Behind the scenes with Vanguard Predictive Planning

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How does Vanguard determine Suggested Order Quantity?

The Vanguard Predictive Planning platform has one job:  to enable strategic decision-making based on the most accurate and relevant data available at any given time.  Part of this job, particularly when acting as a supply chain optimization engine, is to recommend daily order quantities (at the SKU or BOM level) that are needed to satisfy customer demand.  But, of course, there’s a lot more to that than meets the eye.

What is Suggested Order Quantity?

Suggested Order Quantity (SOQ) is the number of units (SKUs or BOMs) the system is recommending to be ordered at a given time to satisfy future customer demand.

How is SOQ determined?

The system has an immense amount of data and constraints to consider when determining the SOQ for an item.  Those considerations can be broken into three main areas:

Demand Plan – of course, the Demand Plan dictates the ideal number of units needed for a specific period.  Vanguard uses advanced analytics and a collaborative forecasting process to derive an accurate Demand Signal.  The Demand and Supply Plans then use a unified data model so the SOQ is updated in real time if the Demand Plan changes.

Current Inventory / Safety Stock – The system also needs to account for any existing product availability to avoid overproduction.  Vanguard is able to analyze current inventory data to determine what needs to stay, to shift locations, or be replaced.  How much new product is needed after those considerations are reflected in the SOQ.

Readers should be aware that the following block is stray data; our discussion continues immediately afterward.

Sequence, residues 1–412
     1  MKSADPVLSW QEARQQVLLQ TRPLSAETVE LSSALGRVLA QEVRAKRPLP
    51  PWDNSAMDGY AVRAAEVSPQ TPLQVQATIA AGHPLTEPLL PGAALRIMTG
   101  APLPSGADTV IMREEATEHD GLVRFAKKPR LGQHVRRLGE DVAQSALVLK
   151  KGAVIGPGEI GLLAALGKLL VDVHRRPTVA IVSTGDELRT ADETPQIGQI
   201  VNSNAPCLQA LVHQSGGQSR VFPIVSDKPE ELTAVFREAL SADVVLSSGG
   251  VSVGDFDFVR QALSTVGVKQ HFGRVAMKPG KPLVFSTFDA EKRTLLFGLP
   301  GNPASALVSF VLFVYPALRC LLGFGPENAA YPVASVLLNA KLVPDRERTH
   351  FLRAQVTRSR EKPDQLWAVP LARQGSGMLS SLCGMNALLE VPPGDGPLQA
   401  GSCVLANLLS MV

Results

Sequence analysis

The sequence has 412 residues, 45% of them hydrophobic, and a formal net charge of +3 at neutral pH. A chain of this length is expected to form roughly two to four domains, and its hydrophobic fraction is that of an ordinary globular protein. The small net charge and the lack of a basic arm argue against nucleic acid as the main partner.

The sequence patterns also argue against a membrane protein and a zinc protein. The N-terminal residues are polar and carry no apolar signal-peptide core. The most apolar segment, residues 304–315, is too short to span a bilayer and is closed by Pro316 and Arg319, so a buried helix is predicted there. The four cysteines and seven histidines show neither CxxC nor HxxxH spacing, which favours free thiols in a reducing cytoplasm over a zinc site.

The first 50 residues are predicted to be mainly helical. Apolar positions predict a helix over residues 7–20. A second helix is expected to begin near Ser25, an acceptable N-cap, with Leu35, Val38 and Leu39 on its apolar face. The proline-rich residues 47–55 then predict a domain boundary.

Constraints – In an ideal world, supply would always be able to meet demand.  However, real-world capacity constraints (whether driven by physicality or business rules) mean Vanguard must be careful in only suggesting order quantities that can be filled in the appropriate period.  To solve for this, the system takes into account an unlimited number of constraints and may choose to, for instance, shift production to an earlier date or to another supplier to meet market demand.  Examples of common constraints include:

  • Financial resources
  • Raw material resources
  • Machine availability
  • Labor hours
  • Production space
  • Min/Max order levels
  • Transportation availability
  • Freight space
  • Warehouse space
  • Distribution availability

Using SOQ

So now that the system has generated an SOQ at the SKU or BOM level based on all the available data, how is it used?  The answer here is simple:  SOQ should flow directly into a Purchase Order, as it is truly the optimal number of items needed to meet future demand.  To learn more about how Vanguard Predictive Planning optimizes supply chain performance, contact us or request a demo.